Nanopatch™ Measuring the activity of ion channels at the single molecule level provides a deep understanding of their structure and function. Currently, single molecule recordings are typically obtained through either patch clamp or planar lipid bilayer (PLB) methods. While patch clamp has delivered much higher sensitivity than PLB platforms, the patch clamp technique requires extensive user training, complicated operations, and a wide array of expensive instrumentation. In contrast, PLB methods are easier to implement, allow for finer control over experimental conditions such as lipid and electrolyte composition, and enable investigation of ion channels present in intracellular membranes. However, standard PLB platforms produce high noise, thus precluding the measurement of low conductance ion channels except at very low bandwidth.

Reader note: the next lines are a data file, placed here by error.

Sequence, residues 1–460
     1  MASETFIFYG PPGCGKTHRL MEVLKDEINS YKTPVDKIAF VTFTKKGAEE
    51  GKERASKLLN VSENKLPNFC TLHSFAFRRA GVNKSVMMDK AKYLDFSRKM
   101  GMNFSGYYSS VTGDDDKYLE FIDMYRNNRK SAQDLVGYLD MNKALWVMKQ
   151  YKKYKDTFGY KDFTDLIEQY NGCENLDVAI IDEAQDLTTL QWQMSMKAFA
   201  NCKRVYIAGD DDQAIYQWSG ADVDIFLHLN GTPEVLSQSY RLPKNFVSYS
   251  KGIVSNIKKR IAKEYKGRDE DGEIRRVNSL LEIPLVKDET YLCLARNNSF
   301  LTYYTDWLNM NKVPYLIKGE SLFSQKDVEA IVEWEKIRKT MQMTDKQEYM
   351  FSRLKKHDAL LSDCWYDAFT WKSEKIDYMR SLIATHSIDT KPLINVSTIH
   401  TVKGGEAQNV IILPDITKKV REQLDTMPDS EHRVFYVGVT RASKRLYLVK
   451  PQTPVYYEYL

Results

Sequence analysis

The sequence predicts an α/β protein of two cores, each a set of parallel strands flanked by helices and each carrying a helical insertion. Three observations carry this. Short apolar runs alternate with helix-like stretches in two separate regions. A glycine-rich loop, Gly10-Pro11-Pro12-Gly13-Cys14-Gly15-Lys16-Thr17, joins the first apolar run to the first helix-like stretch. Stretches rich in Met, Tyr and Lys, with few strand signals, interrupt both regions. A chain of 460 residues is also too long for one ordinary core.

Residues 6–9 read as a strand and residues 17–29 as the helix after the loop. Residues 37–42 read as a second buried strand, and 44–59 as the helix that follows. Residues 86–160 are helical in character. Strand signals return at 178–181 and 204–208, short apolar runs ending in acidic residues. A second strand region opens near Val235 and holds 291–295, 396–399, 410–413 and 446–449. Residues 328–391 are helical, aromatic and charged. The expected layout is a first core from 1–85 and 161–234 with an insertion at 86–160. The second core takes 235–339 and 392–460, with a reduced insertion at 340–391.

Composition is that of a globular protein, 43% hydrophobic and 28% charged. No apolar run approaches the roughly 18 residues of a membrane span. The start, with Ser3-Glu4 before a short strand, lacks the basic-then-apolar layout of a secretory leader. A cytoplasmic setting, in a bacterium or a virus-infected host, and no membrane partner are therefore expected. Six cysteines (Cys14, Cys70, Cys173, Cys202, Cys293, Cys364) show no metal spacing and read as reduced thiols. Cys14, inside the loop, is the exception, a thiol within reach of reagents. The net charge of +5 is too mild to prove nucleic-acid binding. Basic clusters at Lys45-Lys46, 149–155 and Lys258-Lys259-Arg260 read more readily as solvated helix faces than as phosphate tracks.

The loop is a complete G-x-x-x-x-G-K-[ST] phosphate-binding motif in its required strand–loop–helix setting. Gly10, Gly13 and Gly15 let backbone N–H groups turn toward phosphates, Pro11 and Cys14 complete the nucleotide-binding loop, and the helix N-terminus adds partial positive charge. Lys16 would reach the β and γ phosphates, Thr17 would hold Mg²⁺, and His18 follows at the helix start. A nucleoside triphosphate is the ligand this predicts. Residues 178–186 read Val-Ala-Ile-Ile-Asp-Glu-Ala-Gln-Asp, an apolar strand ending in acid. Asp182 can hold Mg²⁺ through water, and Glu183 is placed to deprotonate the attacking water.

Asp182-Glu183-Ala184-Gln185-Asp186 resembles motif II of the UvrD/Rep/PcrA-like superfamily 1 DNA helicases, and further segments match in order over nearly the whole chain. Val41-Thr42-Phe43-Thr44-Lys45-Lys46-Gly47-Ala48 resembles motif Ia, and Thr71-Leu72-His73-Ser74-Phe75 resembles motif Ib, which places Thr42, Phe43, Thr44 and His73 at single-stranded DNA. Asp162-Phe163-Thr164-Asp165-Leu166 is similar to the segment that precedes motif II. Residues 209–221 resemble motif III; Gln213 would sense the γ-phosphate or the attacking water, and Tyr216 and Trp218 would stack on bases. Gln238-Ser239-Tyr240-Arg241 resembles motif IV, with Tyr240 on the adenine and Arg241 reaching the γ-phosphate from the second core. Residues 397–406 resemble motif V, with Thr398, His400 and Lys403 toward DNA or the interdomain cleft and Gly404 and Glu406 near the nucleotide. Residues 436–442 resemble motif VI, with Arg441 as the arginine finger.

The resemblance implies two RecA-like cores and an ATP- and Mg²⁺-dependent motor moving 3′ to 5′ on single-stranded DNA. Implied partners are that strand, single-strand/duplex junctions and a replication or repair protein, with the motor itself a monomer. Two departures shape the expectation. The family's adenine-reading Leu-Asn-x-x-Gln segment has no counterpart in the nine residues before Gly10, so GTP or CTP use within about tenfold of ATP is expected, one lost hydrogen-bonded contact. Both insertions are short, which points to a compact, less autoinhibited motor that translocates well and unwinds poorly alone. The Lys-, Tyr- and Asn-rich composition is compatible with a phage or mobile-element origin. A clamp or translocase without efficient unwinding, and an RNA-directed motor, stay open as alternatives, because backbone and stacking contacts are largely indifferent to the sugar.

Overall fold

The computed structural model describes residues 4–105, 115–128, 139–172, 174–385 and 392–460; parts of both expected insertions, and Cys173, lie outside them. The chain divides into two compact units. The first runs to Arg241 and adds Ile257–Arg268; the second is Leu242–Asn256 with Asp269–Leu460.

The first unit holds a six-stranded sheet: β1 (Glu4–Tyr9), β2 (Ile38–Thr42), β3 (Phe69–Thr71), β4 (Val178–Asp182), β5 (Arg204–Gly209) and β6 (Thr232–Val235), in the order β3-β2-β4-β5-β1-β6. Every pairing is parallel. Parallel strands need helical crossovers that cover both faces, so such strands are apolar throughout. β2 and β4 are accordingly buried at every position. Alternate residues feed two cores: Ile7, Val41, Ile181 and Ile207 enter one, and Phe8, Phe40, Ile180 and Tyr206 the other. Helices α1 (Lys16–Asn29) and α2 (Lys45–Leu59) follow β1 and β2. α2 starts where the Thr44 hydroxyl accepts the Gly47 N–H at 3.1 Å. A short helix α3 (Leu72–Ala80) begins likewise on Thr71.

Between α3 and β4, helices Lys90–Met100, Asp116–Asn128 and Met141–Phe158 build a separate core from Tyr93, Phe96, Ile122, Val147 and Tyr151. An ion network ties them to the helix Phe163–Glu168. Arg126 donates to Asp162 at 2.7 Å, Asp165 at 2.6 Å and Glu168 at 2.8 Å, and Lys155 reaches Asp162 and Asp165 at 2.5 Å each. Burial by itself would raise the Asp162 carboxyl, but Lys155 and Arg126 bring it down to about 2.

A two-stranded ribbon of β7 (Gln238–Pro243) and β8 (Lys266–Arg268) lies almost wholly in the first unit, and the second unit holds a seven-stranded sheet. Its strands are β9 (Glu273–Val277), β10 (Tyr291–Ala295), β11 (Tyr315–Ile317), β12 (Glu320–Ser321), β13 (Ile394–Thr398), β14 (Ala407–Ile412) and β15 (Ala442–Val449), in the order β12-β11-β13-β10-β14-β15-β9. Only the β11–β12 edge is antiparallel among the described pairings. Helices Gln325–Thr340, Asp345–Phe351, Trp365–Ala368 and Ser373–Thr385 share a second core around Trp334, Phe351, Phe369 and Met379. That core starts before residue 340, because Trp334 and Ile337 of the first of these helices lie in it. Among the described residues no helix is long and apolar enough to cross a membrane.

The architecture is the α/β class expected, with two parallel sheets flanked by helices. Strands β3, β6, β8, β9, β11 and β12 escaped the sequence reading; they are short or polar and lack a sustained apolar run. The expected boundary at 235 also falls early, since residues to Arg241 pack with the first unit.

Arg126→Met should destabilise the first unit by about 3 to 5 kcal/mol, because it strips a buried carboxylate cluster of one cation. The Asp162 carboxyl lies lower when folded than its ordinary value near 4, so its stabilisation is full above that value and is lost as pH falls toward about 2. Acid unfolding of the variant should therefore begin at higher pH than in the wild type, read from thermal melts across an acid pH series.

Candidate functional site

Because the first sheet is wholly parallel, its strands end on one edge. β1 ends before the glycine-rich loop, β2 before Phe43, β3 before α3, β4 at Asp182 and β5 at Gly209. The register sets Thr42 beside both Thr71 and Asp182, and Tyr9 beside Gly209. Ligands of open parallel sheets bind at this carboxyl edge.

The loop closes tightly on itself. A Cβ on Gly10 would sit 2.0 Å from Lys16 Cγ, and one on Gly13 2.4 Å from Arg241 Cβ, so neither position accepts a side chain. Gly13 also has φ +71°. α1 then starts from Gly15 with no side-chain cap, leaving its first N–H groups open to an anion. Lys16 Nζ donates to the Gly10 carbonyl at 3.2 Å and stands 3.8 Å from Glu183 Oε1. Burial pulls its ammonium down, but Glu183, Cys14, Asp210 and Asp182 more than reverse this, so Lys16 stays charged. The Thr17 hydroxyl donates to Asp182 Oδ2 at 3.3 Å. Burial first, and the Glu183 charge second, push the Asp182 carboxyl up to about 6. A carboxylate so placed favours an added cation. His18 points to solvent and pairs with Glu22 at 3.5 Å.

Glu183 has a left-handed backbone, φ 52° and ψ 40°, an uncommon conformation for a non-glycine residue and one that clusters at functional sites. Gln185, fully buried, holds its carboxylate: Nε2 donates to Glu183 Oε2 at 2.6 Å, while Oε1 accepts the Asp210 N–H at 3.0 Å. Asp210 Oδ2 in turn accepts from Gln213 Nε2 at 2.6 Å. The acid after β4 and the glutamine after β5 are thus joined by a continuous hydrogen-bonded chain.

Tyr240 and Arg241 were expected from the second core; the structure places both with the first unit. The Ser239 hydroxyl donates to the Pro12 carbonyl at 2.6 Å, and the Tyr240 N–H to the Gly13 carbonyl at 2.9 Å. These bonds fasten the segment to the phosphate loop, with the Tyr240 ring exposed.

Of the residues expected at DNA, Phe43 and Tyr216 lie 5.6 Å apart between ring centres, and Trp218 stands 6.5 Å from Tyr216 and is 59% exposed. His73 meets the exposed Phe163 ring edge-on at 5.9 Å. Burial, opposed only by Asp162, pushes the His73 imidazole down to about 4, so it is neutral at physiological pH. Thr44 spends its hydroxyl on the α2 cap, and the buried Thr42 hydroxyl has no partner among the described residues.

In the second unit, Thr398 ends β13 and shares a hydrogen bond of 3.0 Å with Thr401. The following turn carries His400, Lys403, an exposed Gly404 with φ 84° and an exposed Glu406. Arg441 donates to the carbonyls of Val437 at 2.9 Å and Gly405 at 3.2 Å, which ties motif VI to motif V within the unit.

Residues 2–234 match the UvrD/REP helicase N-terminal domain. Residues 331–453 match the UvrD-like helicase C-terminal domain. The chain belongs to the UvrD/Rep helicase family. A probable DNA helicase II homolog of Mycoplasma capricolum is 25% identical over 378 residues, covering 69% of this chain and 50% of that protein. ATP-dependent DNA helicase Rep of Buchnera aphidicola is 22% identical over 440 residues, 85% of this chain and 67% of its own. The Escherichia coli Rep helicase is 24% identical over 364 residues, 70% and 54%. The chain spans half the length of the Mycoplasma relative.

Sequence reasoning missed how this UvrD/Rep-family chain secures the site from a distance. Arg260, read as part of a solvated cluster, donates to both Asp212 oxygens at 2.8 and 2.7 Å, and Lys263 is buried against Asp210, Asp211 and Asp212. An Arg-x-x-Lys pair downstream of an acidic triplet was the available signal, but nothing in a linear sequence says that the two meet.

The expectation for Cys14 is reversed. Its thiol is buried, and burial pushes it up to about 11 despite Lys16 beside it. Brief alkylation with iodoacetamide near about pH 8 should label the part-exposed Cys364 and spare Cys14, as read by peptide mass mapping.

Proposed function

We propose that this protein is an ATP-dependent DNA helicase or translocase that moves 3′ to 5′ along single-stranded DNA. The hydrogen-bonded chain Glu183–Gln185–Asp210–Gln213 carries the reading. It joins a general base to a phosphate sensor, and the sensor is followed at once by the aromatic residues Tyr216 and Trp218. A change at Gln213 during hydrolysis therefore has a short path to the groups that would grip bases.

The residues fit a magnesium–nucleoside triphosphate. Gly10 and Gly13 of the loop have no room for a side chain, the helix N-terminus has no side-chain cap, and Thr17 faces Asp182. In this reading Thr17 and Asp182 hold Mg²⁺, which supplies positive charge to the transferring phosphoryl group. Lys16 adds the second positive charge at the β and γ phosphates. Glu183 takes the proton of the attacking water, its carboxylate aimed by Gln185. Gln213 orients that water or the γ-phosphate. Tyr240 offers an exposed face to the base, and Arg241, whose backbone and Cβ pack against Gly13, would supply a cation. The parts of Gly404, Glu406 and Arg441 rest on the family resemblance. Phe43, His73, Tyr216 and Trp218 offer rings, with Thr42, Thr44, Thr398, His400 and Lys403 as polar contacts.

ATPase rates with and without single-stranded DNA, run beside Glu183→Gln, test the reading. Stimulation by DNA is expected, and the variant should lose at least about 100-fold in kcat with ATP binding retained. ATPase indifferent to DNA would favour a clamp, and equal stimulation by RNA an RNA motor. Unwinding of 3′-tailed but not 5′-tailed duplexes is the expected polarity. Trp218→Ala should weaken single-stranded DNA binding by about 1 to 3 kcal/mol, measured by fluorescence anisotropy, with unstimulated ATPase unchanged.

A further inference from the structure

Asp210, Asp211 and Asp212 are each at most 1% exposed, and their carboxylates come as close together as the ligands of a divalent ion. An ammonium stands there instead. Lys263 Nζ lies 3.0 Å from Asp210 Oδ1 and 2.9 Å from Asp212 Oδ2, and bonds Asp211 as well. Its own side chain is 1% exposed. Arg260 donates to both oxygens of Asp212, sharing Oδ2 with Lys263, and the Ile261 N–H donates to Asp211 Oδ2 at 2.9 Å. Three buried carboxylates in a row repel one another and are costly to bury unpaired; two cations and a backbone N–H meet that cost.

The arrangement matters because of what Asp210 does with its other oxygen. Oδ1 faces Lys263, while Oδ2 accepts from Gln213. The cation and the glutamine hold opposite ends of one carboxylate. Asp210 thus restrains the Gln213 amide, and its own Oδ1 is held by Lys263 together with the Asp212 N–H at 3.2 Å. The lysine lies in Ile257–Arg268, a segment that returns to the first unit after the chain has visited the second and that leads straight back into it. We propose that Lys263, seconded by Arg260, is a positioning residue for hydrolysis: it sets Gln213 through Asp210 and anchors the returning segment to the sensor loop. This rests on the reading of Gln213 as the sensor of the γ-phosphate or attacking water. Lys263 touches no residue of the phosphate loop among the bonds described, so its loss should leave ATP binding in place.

The Nanopatch™ combines the best of both worlds by providing the high sensitivity of patch clamp with PLB versatility. The quartz nanopore membranes (QNM) at the heart of the Nanopatch™ system provide very low capacitance and dielectric loss, enabling high bandwidth measurements with exceptionally low noise. The QNMs are tightly integrated to our custom amplifier to produce unprecedented noise levels for PLB platforms (0.22 pArms at 10 kHz with the capacitive feedback amplifier and 0.30 pArms at 10 kHz with the resistive feedback amplifier). EBS and our collaborators at the University of Utah and UC Merced have successfully demonstrated the insertion of bacterial porins ╬▒HL and gramicidin, multimeric proteins such as cardiac ryanodine receptors (RyR2), and the cold activated transient receptor potential melastatin channel, Trpm8. Proteins have been incorporated either through liposome formation, or in some cases, by direct insertion from detergent solubilized solutions.